With the lining folded up and joined in, I got started on the body of the hat. At first I was trying to knit with one strand in each hand, but that was slow and awkward, so I switched to having both strands in my left hand. I even remembered the thing about dominance in stranded colourwork and was super-careful about consistently keeping one yarn to the left and the other to the right. Everything was going so well, and looking so good…


…until I fouled it up, and knit another four rounds before I noticed.


Don’t worry! I can fix this!


But maybe I should use lifelines when I’m knitting things that require me to pay attention?


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I’m very excited to be able to share my latest design, the Carved Lines Armwarmers! This project has been in the works for several months and is finally ready for release.

Inspired by the sinuous shapes that skiers and snowboarders leave in the snow as they carve down the mountain, the Carved Lines Armwarmers are meant to close the gap between your jacket and your gloves, keeping the snow off your wrists and keeping you out on the slopes longer! The slipknot cast-on and sewn bind-off are stretchy without being floppy, giving neat finished edges to your work.

~~~~~~~~ IMPORTANT NOTICE ~~~~~~~~
Through August 2015 the Carved Lines Armwarmers will be available at a discounted price of $1.49.
On September 1, the price will go up to $1.99. Get your copy today!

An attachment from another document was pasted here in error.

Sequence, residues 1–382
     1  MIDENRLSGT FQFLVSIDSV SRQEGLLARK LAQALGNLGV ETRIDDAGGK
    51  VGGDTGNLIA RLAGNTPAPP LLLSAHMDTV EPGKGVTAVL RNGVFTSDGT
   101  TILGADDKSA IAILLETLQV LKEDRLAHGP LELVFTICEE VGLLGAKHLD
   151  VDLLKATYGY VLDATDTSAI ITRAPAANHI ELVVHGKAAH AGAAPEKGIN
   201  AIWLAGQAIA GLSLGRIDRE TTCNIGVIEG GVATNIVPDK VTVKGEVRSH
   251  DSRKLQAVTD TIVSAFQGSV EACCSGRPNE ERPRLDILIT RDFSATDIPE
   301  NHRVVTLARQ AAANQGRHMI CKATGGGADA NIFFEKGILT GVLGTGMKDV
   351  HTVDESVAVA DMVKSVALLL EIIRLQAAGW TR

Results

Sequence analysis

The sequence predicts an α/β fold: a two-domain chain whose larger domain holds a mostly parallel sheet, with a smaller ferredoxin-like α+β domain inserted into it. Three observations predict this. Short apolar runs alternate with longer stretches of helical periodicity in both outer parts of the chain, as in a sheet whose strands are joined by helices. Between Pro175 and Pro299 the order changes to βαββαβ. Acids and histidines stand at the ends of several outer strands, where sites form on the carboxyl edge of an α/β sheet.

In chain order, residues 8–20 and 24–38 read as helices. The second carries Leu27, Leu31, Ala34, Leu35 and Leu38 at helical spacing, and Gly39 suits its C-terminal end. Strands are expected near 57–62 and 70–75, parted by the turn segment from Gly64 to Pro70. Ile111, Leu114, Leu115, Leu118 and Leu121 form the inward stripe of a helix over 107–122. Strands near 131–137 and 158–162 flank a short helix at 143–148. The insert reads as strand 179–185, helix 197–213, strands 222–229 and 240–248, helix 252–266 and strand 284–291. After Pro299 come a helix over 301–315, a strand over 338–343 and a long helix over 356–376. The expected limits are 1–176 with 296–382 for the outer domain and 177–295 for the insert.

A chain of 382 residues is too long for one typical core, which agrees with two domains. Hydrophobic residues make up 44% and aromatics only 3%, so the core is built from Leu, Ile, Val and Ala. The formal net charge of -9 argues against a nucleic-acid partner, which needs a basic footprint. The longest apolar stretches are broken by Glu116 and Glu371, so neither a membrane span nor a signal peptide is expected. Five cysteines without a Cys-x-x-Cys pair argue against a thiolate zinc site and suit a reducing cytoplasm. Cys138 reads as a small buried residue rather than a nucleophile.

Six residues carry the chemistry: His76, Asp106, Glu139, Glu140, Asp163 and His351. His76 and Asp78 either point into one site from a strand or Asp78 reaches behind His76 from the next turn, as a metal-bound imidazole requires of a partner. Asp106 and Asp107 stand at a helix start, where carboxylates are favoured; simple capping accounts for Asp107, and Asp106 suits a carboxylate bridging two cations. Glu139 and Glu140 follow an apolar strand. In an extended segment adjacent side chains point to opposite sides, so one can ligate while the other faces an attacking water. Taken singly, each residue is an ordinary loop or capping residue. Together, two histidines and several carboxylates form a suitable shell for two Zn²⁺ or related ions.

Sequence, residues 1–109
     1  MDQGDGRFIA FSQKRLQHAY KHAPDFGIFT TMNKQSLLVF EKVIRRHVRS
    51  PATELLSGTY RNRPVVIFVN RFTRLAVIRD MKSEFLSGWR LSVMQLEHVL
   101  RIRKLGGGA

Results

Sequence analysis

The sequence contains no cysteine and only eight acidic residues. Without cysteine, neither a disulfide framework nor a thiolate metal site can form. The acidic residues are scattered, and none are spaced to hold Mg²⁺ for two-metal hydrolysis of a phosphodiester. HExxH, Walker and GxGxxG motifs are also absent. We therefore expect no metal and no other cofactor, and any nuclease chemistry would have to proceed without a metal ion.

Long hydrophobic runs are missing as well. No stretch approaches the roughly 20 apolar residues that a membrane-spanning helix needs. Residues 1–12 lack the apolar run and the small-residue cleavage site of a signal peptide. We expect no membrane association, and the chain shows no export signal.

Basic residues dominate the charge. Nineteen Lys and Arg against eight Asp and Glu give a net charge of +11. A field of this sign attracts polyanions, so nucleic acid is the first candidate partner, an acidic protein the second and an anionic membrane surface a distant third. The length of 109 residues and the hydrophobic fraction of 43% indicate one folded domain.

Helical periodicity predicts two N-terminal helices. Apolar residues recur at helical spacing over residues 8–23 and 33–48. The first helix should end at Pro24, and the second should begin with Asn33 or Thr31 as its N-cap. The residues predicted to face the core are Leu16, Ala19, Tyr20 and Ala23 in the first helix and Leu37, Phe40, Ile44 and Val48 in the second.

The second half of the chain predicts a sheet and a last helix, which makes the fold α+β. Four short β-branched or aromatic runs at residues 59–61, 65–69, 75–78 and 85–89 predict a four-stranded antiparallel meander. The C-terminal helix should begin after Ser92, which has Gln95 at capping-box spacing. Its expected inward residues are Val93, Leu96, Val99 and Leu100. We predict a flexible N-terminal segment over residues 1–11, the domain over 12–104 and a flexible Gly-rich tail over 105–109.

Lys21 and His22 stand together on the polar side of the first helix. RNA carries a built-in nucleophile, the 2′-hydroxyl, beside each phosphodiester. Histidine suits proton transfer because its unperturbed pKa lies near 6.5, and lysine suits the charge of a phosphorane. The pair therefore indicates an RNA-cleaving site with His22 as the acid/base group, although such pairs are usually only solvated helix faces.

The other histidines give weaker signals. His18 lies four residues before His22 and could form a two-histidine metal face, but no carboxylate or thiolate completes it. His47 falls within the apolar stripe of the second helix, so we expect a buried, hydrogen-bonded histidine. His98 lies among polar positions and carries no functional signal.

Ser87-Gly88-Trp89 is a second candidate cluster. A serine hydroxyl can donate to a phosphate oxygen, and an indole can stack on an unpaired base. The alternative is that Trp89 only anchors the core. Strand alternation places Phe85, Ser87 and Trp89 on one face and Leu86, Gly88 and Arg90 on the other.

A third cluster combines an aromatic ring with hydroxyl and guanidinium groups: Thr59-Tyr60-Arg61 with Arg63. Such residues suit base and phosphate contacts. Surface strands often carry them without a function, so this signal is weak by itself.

Check out the Carved Lines pattern page on Ravelry or click the button to purchase the pattern:




YOU WILL NEED: A set of five US 4/3.5mm double-point needles (or the size needed to get gauge for your particular yarn), and a darning needle to weave in ends. Optional: stitch marker to mark the beginning of the round.

FINISHED MEASUREMENTS: The stitch pattern has some stretch to it, and should fit hands 7 to 7.5″ around.

YARN and GAUGE: Approximately 1.5 skeins (160 yards) Jo Sharp Classic Wool DK, or any DK-weight yarn you like, to get a gauge of 26 stitches to 4 inches/10 cm in stockinette. To make a larger size, a light worsted weight such as Cascade 220 and US 6/4mm needles is recommended.

Important Copyright Information: The Carved Lines Armwarmers knitting pattern is © 2015 Knitting Pirate. You may not sell or otherwise distribute copies of this pattern, but you may absolutely sell the armwarmers you make, and Knitting Pirate would very much appreciate it if credit is given for the design. If you have any questions about what you can or can’t do with this pattern, please feel free to contact the Knitting Pirate.

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My dad’s gotten into throwing pottery in the last few years, which is pretty awesome. As with any craft there comes an inevitable surplus of finished objects, so he’s been offering me pieces and told me to pick out anything I want. I’m in minimization mode as I’m getting ready to move at the end of the year, so I didn’t want a purely decorative bowl (although they *are* very pretty). Instead, I asked him if he could make a yarn bowl for me, and sent him descriptions, preferred dimensions, and links to several examples on Etsy and Google Images search.